Creative New Zealand Tanks of World War II
June 17, 2013 5:27 PM   Subscribe

The most well known of New Zealand's World War II home-built tanks was the Bob Semple tank, designed by New Zealand Minister of Works Bob Semple. There was only one made, but it served its purpose of "showing the people that something was being done to meet the enemy. It rumbled around, took part in parades, and inspired confidence." One problem: the tank, built on a Caterpiller tractor and armored with corrugated steel, would momentarily pause while changing gears, unless it was already headed down hill. During parades and public shows, its driver was instructed to change gear as little as possible, to prevent people from thinking their tank was stalling. The other New Zealand-built tank was the Schofield tank, built on the chassis of a Chevrolet heavy-duty truck, with the ability to drive quickly on wheels, then operate on treads, the transition only taking 7 to 10 minutes. Two prototypes were made, but neither the Bob Semple nor the Schofield tank were mass produced, as New Zealand started receiving tanks from abroad by 1943.
posted by filthy light thief (15 comments total) 11 users marked this as a favorite
There was naturally a clamour for a native Kiwi tank, after rumours had got around that these vehicles could defeat even defences made from number eight wire.
posted by pompomtom at 5:42 PM on June 17, 2013 [1 favorite]

Godzone don't need no steekeeng tanks when they can afford to keep a terrifying machine like this* in the national museum.

* An armoured 1974 Holden station wagon.
posted by Herodios at 6:01 PM on June 17, 2013 [1 favorite]

If you'd like to hear some cheeky Kiwis talking about their early efforts of gearing up for the war, check out the second link in the post. It points to a 24 minute episode of The Years Back documentary series from 1973. I rather liked the fellow who talked about the silly war games, in which he died, so instead of waiting around for the scenario to play out in full, he walked off the field to the local cemetery (because he was dead, ya see), then home.
posted by filthy light thief at 6:02 PM on June 17, 2013

T-34 is LOLing at you.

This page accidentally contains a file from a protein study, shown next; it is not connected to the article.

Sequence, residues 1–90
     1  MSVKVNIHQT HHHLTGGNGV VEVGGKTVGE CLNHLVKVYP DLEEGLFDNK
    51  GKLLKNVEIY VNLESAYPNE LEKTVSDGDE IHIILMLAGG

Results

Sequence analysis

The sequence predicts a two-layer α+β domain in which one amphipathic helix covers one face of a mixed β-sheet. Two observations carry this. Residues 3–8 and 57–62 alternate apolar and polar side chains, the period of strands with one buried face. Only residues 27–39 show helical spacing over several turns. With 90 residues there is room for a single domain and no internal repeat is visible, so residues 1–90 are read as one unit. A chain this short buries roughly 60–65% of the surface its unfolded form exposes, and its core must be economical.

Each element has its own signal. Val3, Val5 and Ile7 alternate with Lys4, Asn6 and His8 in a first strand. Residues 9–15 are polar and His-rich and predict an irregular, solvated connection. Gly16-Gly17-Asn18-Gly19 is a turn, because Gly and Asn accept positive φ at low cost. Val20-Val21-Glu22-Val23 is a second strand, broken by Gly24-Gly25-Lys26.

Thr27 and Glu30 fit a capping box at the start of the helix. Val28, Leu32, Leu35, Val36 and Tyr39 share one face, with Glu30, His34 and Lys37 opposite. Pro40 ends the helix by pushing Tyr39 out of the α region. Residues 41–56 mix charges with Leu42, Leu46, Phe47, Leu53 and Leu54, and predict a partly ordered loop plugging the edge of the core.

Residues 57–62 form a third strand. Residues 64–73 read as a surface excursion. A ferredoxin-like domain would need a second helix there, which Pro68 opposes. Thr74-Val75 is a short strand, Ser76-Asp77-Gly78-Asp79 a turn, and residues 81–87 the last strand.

posted by Artw at 6:15 PM on June 17, 2013 [1 favorite]

According to Wikipedia, the armor was 12.7 mm. That won't stop anything except line of sight.
posted by Chocolate Pickle at 6:27 PM on June 17, 2013 [2 favorites]

If I had to choose between facing the Nipponese invaders of my home with just a 8 friends and 6 Bren guns, or to face the invaders of my home with 8 friends and 6 Bren guns in a metal deathcage, I'm not sure which way I would go.
posted by Megafly at 6:40 PM on June 17, 2013 [7 favorites]

From the wikipedia links:

In the end, due to their impracticality, the tanks (Bob Semple) were rejected for use by the New Zealand Army, dismantled, and restored to their previous state as tractors.


The (Schofield) tank was stored for a while and scrapped post war.

Couldn't they have saved them for, you know, museums? Even if they were rejected for use, they are still examples of history.

I know, I know, people needed the tractors, and the Schofield tank was used for scrap metal which was in short supply, but how many things does the world have to lose because of short term thinking?! And don't even get me started on all the TV shows that were lost over the years because the videotape was so expensive that people recorded over it so they could reuse it.

Also, thanks for posting this, filthy light thief. This is the first I've ever heard about these tanks.
posted by InsertNiftyNameHere at 7:07 PM on June 17, 2013

I have a 1:100 scale Bob Semple tank which I scratch-built for Flames Of War. I've never used it in a game, except as an objective marker - 'capture the secret weapon!'
posted by Soulfather at 7:40 PM on June 17, 2013 [4 favorites]

The Bob Semple tank is quite possibly the stupidest tank I've ever seen. I mean, some of the late war German tanks are stupid conceptually but they at least look nasty. This thing looks like it's made of corrugated aluminum siding.
posted by Justinian at 7:43 PM on June 17, 2013

I wouldn't really call it a tank, really. Really, what that is, is a military themed parade float with tractor tracks.
posted by Artw at 8:13 PM on June 17, 2013 [5 favorites]

Justinian, that's corrugated steel, thankyouverymuch.
posted by filthy light thief at 9:59 PM on June 17, 2013

Am I the only one who realized that the Schofield tank really looks like the tumbler from Batman?

Really, imagine if the treads we're pulled off. Instant tumbler.
posted by emptythought at 10:02 PM on June 17, 2013

A vehicle coming to a dead stop when changing gears doesn't make sense to me. It seems like you would be limited to the lowest gear. Can someone with mechanical knowledge explain it?
posted by Pruitt-Igoe at 12:48 AM on June 18, 2013

Presumably the motor is strong enough to pull it from standstill in the higher gears, affording a higher top speed, but not much power. For serious pulling you would engage a lower gear and then drive off.
posted by Harald74 at 6:43 AM on June 18, 2013

Which might make sense in, say, an agricultural vehicle.
posted by Artw at 7:01 AM on June 18, 2013 [1 favorite]

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